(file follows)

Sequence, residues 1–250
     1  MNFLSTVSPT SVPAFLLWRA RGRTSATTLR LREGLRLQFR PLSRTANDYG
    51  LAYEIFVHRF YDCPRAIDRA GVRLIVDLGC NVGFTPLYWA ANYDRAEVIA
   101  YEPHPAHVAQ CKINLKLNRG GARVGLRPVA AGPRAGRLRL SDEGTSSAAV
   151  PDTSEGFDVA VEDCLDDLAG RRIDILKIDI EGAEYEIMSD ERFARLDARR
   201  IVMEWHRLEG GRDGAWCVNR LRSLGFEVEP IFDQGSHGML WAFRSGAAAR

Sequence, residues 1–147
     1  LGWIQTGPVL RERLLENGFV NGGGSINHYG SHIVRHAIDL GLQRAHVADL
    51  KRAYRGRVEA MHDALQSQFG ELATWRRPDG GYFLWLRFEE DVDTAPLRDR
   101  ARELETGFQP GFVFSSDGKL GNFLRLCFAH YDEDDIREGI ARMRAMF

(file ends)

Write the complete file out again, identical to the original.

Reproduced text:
Sequence, residues 1–250
     1  MNFLSTVSPT SVPAFLLWRA RGRTSATTLR LREGLRLQFR PLSRTANDYG
    51  LAYEIFVHRF YDCPRAIDRA GVRLIVDLGC NVGFTPLYWA ANYDRAEVIA
   101  YEPHPAHVAQ CKINLKLNRG GARVGLRPVA AGPRAGRLRL SDEGTSSAAV
   151  PDTSEGFDVA VEDCLDDLAG RRIDILKIDI EGAEYEIMSD ERFARLDARR
   201  IVMEWHRLEG GRDGAWCVNR LRSLGFEVEP IFDQGSHGML WAFRSGAAAR

Sequence, residues 1–147
     1  LGWIQTGPVL RERLLENGFV NGGGSINHYG SHIVRHAIDL GLQRAHVADL
    51  KRAYRGRVEA MHDALQSQFG ELATWRRPDG GYFLWLRFEE DVDTAPLRDR
   101  ARELETGFQP GFVFSSDGKL GNFLRLCFAH YDEDDIREGI ARMRAMF